While marijuana has been legalized in
across nearly half the United States, Congress still recognizes it in Schedule
I of the Controlled Substances Act that makes it illegal by federal
regulations. The U.S. Department of Justice has sent out numerous
letters to each state’s legal counsel letting
them know that despite passing legislation the federal government still
condemns the growing, distributing, and possessing in any capacity. Due to the
condemning nature of marijuana in the eyes of the federal government, no state
medical marijuana law requires employers to accommodate marijuana use while at
work or on duty. However, some state laws do prohibit discrimination based on
Federal law always trumps state law. When
drafting any type of policy based on medical marijuana, HR professionals need to consider
applicable federal laws. The Drug-Free
Workplace Act of 1988 is also something that you must take into
consideration if your company works under the Department of Transportation or
as a federal contractor. Since marijuana isn’t a legal substance under federal
law your company can lose the contract or grant given by Federal agencies.
HR professionals have to be cautious and
revise policies during these changing times; there will always be a grey area
when the issue of medical or legal marijuana arises. Not only do they have to
cater to state regulations, but they must keep up with ADA compliance when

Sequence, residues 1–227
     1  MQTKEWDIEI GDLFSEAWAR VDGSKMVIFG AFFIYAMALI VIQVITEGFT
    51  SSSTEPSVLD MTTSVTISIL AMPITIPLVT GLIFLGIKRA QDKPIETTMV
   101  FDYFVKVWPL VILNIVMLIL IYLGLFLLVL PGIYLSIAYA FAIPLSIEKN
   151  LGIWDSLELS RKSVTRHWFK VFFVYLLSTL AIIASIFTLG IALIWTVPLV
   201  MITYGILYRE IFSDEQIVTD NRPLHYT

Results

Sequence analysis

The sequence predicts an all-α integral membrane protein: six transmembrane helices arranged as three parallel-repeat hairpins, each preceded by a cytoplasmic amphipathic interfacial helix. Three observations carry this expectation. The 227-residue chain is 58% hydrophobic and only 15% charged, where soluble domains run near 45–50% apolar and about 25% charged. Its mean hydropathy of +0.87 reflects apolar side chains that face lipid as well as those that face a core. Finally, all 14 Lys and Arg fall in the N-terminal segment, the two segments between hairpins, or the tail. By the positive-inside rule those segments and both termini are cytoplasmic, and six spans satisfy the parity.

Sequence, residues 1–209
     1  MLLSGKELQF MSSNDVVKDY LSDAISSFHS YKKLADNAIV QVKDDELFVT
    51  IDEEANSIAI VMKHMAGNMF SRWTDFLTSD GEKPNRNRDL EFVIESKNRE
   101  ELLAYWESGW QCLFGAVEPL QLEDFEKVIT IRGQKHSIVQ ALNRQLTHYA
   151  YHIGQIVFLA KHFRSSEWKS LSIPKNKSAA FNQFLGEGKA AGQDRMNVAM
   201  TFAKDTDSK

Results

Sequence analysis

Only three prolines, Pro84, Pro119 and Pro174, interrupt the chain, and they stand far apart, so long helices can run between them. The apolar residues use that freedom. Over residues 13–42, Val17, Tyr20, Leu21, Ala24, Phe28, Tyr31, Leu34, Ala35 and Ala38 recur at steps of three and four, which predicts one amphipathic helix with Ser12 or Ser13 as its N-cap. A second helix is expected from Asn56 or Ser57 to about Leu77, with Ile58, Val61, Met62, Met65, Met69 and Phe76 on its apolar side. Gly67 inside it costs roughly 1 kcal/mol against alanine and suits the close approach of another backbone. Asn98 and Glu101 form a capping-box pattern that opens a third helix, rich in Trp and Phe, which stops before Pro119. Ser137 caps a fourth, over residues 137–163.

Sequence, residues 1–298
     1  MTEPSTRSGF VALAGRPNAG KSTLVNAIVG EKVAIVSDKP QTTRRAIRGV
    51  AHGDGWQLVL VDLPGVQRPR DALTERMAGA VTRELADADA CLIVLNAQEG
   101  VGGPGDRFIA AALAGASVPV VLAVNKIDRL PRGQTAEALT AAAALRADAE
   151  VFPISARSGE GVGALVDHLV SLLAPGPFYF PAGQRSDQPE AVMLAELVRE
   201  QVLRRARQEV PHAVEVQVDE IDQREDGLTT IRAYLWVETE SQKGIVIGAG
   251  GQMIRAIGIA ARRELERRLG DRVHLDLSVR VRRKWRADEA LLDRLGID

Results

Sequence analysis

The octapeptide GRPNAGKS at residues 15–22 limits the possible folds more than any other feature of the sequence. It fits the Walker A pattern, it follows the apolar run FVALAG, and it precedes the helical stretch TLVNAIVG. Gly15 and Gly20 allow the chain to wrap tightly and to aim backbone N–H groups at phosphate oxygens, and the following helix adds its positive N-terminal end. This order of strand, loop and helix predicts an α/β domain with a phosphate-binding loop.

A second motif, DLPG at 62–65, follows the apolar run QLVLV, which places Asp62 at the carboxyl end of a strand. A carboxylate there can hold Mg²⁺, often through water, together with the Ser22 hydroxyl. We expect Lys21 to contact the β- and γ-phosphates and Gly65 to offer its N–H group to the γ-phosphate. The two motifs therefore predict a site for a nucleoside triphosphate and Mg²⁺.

sanctioning medical marijuana. There are no clear solutions to this problem, but employers should often
consider several factors with crafting responses as it relates to marijuana. Here
are factors to consider when determining the action you take against
those looking to use marijuana for recreation or medical purposes in the workplace:
Tolerance Policy. Just don’t allow it at all; especially
if you are required to be completely drug free under the Drug-Free Workplace
Act of 1988. Just say no for any
Weigh The Pros and Cons. Is fighting the issue
going to be worth it in the long run? The exposure of random drug testing may
or may not be worth it if you’re losing employees due to their medical or legal
use depending what state your company is operating in.
Offenses. If you believe someone is under the influence
and it’s affecting his or her job performance, document it. It’s much easier to
terminate an employee for working under the influence than it is for a
positive test, especially since the laws are grey.
Tell us your experience.
Do you work in a state where marijuana
is legal or for medical use only? Let us know how you handle the situation.
SPHR is a workplace and technology strategist specializing in social media.
She’s an author who writes at Blogging4Jobs. You can follow her on Twitter @blogging4jobs.
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